Lack of Accountability Risks Escalating Violence
August 8, 2013
What started as assassinations of members of the police, internal security apparatus, and military intelligence has been further aggravated by the killing of judges and a political activist. The failure to hold anyone accountable highlights the government’s failure to build a functioning justice system.
Joe Stork, deputy Middle East and North Africa director

(Beirut) – At least 51 people have died in a broadening wave of apparent political assassinations in the cities of Benghazi and Derna in volatile eastern Libya. Authorities have not prosecuted anyone for these crimes, and have no suspects in custody, as far as Human Rights Watch has been able to determine. 

The July 26, 2013, killing of Abdulasalam Elmessmary, was the first of a political activist since Muammar Gaddafi was ousted. The assassination appeared to signal a new turn in the violence with potentially serious implications for Libya’s stability. The other victims include two judges and at least 44 serving members of the security forces, most of whom had held positions in Gaddafi’s government. At least six were high-ranking officers under Gaddafi.

“What started as assassinations of members of the police, internal security apparatus, and military intelligence has been further aggravated by the killing of judges and a political activist,” said Joe Stork, deputy Middle East and North Africa director. “The failure to hold anyone accountable highlights the government’s failure to build a functioning justice system.”

According to cases documented by Human Rights Watch, political assassinations in Benghazi and Derna peaked in the second half of 2012, and again in January and July 2013. While there have been reports of assassinations in other parts of the country, they have mostly been centered in the east.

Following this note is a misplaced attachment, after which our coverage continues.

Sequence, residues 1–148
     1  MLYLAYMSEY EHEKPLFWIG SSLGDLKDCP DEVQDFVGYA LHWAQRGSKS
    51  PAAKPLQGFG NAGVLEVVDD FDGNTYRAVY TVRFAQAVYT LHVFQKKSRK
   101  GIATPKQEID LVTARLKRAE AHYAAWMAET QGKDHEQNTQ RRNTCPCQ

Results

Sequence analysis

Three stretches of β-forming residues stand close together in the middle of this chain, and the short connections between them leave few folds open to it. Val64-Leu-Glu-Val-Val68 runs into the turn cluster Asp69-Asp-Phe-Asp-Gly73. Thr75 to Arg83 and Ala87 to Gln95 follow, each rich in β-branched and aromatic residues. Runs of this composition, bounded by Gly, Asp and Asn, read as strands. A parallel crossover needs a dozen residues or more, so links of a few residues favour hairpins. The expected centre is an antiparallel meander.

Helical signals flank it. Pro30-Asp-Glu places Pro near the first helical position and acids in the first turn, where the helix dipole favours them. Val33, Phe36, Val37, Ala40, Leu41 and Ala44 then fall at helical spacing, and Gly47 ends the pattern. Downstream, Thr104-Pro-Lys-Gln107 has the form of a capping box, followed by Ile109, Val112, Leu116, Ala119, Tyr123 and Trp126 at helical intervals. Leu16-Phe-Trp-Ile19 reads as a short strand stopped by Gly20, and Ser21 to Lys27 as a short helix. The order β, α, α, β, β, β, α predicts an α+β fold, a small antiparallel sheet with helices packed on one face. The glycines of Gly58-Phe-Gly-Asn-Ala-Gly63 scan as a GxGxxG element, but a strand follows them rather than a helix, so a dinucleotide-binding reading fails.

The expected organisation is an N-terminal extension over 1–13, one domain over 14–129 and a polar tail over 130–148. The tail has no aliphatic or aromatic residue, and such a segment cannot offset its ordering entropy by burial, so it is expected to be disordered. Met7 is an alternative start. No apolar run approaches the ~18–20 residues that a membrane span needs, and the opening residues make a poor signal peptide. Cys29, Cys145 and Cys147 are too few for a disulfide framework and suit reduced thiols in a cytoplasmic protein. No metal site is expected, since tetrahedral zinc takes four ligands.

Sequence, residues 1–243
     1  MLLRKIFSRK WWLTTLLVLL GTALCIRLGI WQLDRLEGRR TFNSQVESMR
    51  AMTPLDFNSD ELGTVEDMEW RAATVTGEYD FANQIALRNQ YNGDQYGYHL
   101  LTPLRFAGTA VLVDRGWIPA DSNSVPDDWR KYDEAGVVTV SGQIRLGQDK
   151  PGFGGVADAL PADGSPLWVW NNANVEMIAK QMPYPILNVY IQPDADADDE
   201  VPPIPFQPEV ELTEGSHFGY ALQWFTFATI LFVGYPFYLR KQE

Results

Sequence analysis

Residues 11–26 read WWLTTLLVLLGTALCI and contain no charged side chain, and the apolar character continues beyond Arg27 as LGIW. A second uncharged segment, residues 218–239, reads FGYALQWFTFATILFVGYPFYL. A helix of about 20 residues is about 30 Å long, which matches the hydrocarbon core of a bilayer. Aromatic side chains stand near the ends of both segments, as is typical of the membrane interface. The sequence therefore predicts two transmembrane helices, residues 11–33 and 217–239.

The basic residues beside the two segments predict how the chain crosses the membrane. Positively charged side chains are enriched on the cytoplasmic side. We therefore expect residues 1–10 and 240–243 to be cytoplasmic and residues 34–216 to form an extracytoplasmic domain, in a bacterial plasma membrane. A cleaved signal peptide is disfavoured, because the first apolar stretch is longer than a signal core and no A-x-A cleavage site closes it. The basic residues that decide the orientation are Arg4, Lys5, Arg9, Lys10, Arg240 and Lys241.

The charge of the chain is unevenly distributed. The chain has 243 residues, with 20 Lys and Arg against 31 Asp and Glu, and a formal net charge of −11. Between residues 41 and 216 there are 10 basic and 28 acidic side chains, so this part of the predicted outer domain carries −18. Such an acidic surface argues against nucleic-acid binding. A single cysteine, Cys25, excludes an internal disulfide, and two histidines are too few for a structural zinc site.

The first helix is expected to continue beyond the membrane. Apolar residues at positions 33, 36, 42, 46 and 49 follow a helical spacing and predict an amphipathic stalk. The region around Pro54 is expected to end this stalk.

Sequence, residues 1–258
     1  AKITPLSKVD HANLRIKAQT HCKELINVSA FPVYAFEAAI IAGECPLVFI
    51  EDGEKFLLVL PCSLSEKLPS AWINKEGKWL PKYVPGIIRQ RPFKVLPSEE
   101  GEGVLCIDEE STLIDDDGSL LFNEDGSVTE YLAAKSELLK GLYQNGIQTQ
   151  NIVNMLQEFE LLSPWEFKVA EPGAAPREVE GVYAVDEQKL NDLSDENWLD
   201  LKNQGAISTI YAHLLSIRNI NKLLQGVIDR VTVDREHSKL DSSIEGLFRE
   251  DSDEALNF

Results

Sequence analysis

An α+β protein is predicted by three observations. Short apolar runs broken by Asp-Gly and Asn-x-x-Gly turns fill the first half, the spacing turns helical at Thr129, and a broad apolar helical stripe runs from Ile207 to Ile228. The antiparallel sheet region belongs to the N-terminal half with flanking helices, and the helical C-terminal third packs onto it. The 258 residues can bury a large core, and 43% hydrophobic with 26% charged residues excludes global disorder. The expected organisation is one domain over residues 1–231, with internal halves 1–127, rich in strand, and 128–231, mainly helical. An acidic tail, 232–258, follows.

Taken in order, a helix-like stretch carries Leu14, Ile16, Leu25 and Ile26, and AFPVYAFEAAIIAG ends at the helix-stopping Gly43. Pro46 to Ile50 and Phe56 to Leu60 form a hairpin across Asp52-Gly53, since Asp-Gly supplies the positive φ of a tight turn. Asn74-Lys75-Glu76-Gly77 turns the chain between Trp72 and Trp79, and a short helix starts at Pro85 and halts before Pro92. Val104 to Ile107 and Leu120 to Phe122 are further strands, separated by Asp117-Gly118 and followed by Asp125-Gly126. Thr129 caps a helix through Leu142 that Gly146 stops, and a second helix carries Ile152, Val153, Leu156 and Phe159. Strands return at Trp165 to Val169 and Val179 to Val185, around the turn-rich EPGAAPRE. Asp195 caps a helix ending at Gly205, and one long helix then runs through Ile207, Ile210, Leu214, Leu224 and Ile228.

Human Rights Watch interviewed relatives, friends or witnesses of eight of the victims. Relatives told Human Rights Watch that as far as they could determine, Libyan law enforcement officials had not conducted comprehensive investigations. They said law enforcement agents did not investigate at the crime scene, summon any potential witnesses, or provide information to the families about their investigations.

Law enforcement officials acknowledged to Human Rights Watch that they had not concluded any of the investigations despite trying to conduct investigations into the assassinations. They said they lacked sophisticated means to investigate, faced many obstacles due to the prevailing security situation, and lacked the means to summon witnesses without the use of force.

No groups or individuals have claimed responsibility for the assassinations. The only person known to have been arrested escaped.

On July 23, Interior Minister Mohammad Khalifa al-Sheikh said at a news conference that “people with a past criminal record,” were behind the killings. He said that some of their identities were known but could not be revealed since the information was classified, and that the government was investigating and collecting information.

On July 28, Justice Minister Salah al-Marghani said the government was determined to bring to justice “those responsible for the assassinations” in Benghazi and Derna. He said the government would consider accepting the support of an international forensics team.

“Myriad armed groups and criminals with various agendas are benefiting from a weak and dysfunctional law enforcement system where they can kill even police and judges with impunity,” Stork said. “Unless the government takes urgent steps to actually turn its own pledges into action and make building its police and criminal investigation units a priority, there is a real risk of a further surge in violence.”

The Death Toll
In the absence of comprehensive official figures, Human Rights Watch has investigated and documented killings of 51 victims of apparent political assassinations, though the actual number is probably higher. The documented cases do not include assassinations of officers and members of the security forces committed during the 2011 uprising against Gaddafi. As far as Human Rights Watch has been able to determine, it is the only compilation of apparent political assassinations in Eastern Libya since the toppling of Gaddafi.